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Bluewater to work with Delaware on wind farm  

Bluewater Wind wants to keep negotiating with Delaware to secure a power purchase agreement that will allow the wind power developer to build a 450-megawatt offshore wind farm.

The state Public Service Commission staff released a report on Bluewater’s Delaware Offshore Wind Park that recommended against the project as currently proposed due to the potential high cost to power customers.

The proposed 150-turbine, 450-megawatt wind farm would provide enough energy for as many as 100,000 homes. The turbines would be located 11 miles offshore.

In its report last month, the PSC staff found the project could cost more than $1 billion over Bluewater’s initial bid due in part to price escalators tied to possible increases in commodities and currency exchange rates, among other things.

Bluewater, a subsidiary of Australian investment firm Babcock & Brown Ltd, currently estimates the project would cost about $1.6 billion.

Officials at Bluewater and the state PSC were not immediately available for comment.

In a filing with the PSC this week, Bluewater said it does not expect the high cost scenario described in the staff report to occur and wants to work with the staff and other state agencies to resolve the cost concern.

DELAWARE AND BLUEWATER

The Delaware Legislature in 2006 directed the local power company, Delmarva, to contract with new power resources to guarantee stable prices for power following a rate increase of over 50 percent due to a rise in power supply costs.

Delmarva, a subsidiary of Pepco Holdings Inc, issued a request for proposals in November 2006.

Bluewater submitted two proposals and the state in May 2007 ordered Delmarva to negotiate with Bluewater on a power purchase agreement.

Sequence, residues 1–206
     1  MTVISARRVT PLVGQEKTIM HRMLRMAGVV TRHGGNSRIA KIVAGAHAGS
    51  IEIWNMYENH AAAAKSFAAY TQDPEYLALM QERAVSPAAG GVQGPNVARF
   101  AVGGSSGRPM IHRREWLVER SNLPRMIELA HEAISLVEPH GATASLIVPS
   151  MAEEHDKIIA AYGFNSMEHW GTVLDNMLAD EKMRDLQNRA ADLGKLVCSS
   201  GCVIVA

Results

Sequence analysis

Since Delmarva would ultimately pass on the cost of the power purchase agreement to customers, the PSC needs to make sure the contract is in the best interests of ratepayers.

Bluewater has said it could start generating some power at the wind farm as soon as the third quarter of 2011 if the state approves of the project.

OFFSHORE DIFFICULTIES

Offshore wind farms are expensive and not necessarily popular with the locals.

In New York, the head of the Long Island Power Authority has said the municipal utility would likely have to cancel negotiations with a subsidiary of FPL Group Inc to build a 140 MW wind farm off the south shore of Long Island due to the higher than expected cost of the project.

In Texas, Babcock and Brown canceled plans for a 500 MW offshore wind farm in June saying the state’s low electricity costs made the high-cost project uneconomical.

In Massachusetts, meanwhile, local activists have slowed Cape Wind’s construction of a 420 MW offshore wind farm off the coast of Cape Cod. Cape Wind has been developing the project since 2001.

(Reporting by Scott DiSavino)

Reuters

12 November 2007

This article is the work of the source indicated. Any opinions expressed in it are not necessarily those of National Wind Watch.

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